• The online publication is in color, allowing for more emphasis on photography and new options for our page designers.
  • The account that allowed us to do all this was free.
  • The viewer statistics we receive from will be used in advertising sales packets. And the opportunity to publish additional pages online means there will be more room for ads.
  • We are already planning online extra issues in between our major scheduled publications. This allows us to memorialize a student who recently passed away, to provide sports updates, and to be available for other breaking news reports.

We have our current issue up online, along with two archived issues in black and white. You can see them all right here. We plan to use at least for the rest of the school year, hopefully in conjunction with a news website that a student is developing.

I know this blog is getting a lot of traffic from readers who are interested in classroom publishing and student journalism. Are any of you using Which online resources have helped you and your students save money or reach new audiences?

Rewind: My student featured on

From April 2011

I love memoirs. And I love brevity. So when Smith Magazine rolled out the Six-Word Memoir project, I knew it would be part of my life in some way.

Oddly, I’ve never posted my own Six-Word Memoir on But I bring it up in conversation and compose mini-memoirs in my head all the time. It’s a brilliant vehicle for sharing personal stories that are razor-sharp.

This month, as a warm-up for their writing exercises, I started asking my high school English students to write six-word memoirs at the beginning and end of our free-writing sessions. I hoped that my students would eventually find meaning in the practice, and I soon found out that one student had taken ownership of the six-word craft in a way I hadn’t expected.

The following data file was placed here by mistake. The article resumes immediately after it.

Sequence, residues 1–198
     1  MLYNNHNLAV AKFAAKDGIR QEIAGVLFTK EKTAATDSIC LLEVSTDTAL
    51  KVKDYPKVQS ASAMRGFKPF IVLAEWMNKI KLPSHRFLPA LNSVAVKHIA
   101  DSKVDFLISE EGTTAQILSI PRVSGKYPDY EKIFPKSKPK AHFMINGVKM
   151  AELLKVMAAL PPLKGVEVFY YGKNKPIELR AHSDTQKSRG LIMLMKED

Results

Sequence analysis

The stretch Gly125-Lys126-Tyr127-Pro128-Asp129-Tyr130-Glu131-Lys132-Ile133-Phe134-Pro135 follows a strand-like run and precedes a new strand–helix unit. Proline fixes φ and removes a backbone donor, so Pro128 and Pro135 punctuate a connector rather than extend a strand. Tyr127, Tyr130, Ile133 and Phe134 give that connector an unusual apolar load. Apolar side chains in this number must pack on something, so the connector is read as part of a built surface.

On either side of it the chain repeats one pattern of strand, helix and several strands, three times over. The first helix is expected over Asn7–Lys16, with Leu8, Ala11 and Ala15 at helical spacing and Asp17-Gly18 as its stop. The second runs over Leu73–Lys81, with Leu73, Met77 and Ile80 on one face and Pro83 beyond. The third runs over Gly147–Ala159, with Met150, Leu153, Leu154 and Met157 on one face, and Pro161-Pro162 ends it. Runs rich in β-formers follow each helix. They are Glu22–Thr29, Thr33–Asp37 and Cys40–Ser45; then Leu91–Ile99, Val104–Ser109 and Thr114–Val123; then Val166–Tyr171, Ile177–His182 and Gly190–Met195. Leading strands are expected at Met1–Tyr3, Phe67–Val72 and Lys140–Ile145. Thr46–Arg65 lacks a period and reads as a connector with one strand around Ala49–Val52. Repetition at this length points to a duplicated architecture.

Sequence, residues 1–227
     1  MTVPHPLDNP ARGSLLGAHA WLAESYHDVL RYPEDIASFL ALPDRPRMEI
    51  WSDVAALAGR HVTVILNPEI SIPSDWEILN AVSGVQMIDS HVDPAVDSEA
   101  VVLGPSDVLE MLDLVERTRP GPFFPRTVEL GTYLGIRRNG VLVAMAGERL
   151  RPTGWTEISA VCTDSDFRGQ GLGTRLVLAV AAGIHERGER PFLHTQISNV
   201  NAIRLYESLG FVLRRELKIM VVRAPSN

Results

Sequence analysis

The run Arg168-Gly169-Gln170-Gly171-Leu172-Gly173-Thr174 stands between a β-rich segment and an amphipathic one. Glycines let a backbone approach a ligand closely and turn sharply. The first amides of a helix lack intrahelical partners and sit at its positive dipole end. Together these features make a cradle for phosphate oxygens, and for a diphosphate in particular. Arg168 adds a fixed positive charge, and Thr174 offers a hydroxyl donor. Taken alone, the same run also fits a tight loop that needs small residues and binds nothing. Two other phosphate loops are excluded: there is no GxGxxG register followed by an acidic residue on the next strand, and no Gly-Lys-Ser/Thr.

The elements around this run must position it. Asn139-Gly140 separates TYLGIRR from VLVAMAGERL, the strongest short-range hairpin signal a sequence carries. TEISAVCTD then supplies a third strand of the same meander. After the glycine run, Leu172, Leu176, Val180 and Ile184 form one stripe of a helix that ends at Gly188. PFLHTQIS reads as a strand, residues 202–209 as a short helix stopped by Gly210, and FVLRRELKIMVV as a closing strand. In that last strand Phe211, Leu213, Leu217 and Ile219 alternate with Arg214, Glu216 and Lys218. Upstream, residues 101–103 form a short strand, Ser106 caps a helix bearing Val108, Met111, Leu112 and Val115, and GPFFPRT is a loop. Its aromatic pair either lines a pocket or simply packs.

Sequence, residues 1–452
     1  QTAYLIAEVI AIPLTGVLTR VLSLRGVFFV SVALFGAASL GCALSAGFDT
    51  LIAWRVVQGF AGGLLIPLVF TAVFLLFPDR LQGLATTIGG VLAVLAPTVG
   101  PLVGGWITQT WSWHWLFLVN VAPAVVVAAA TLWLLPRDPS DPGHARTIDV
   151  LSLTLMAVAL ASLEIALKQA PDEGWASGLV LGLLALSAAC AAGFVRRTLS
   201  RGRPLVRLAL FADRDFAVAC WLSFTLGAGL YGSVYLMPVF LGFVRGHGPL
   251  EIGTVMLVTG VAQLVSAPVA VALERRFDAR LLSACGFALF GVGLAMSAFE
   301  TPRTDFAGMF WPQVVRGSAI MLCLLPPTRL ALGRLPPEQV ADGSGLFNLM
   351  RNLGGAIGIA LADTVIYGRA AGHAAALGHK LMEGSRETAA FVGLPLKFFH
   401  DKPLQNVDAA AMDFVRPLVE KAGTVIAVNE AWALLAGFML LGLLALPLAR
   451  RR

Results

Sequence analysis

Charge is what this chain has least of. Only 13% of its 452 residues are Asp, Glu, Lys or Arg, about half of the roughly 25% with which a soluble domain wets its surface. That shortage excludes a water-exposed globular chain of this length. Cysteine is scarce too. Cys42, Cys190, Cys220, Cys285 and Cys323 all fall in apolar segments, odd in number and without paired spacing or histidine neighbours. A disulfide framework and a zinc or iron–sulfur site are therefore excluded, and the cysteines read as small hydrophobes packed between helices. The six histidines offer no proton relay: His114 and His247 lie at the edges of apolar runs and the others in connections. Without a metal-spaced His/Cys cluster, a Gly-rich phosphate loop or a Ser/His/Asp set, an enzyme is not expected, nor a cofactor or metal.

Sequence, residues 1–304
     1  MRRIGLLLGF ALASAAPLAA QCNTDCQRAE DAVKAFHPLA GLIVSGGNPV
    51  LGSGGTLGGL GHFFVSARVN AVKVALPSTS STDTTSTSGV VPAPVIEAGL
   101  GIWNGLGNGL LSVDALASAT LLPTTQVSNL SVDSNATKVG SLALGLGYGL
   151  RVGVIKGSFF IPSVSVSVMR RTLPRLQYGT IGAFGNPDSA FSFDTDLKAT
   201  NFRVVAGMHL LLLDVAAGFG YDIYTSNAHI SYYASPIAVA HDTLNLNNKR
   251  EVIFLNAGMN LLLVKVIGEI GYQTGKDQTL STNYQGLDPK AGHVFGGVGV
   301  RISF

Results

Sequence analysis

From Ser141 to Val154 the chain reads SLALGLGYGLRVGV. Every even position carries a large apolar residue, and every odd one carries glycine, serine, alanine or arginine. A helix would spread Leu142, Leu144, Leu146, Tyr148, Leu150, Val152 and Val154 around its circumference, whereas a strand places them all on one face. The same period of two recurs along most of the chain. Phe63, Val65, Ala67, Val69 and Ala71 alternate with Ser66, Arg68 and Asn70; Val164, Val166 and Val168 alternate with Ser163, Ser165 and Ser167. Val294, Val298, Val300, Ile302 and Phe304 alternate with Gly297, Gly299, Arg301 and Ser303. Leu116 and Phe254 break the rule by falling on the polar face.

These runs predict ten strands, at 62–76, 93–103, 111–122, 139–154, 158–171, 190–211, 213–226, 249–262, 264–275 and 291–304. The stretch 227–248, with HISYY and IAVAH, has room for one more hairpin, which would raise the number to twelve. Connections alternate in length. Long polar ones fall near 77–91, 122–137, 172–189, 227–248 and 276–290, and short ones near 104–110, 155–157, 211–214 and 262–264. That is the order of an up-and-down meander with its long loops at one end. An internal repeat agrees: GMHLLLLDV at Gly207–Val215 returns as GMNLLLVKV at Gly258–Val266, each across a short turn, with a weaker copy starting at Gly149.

“Ms. Thompson, I love six-word memoirs!” she said when she came to class one morning. “My mom grounded me from my computer, but I told her I had to log on to SmithMag.”

A week or so later, she came to class radiant.

“People are reading my six-word memoirs now!” she said. “I’m getting comments and people like what I’m writing. One of them recommended that I write posts on”

Today we were preparing for our last day of the in-class state writing test. I was trying to cross a hundred ‘t’s while dotting a thousand ‘i’s before we started our session. But my mentor teacher asked me to pause and hear some good news from this student.

“They gave me the featured memoir of the day!” our student reported.

I was about to tell her how proud I was of her when she showed me the chosen memoir. Now I’m more than proud of her. I am awed. And grateful.

This is happening! Kids are reading books and liking it

English teachers, tell me if you’ve seen this happen. You plan to start the period with a round of silent reading. 15-20 minutes of bliss, right? Everyone is quiet, minds are active, worlds are expanding, knowledge is building. Until you look at their reading journals and see that they are pretty much empty.

Working with two remedial English classes this year, it became clear by Winter Break that if I didn’t change this pattern quickly, my students would actually hate reading more than they already did. Having been an avid reader since about age 5, I’ve had to work to understand my students’ relationships with books, but I have gotten the sense that they feel a period of silent reading is like a period of falling into an abyss.